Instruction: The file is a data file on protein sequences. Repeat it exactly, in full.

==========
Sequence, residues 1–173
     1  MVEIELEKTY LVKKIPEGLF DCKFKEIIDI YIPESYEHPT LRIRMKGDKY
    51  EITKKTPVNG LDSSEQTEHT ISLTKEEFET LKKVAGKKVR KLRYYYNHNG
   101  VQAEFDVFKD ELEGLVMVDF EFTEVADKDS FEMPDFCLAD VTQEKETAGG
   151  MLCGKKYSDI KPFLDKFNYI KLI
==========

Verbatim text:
Sequence, residues 1–173
     1  MVEIELEKTY LVKKIPEGLF DCKFKEIIDI YIPESYEHPT LRIRMKGDKY
    51  EITKKTPVNG LDSSEQTEHT ISLTKEEFET LKKVAGKKVR KLRYYYNHNG
   101  VQAEFDVFKD ELEGLVMVDF EFTEVADKDS FEMPDFCLAD VTQEKETAGG
   151  MLCGKKYSDI KPFLDKFNYI KLI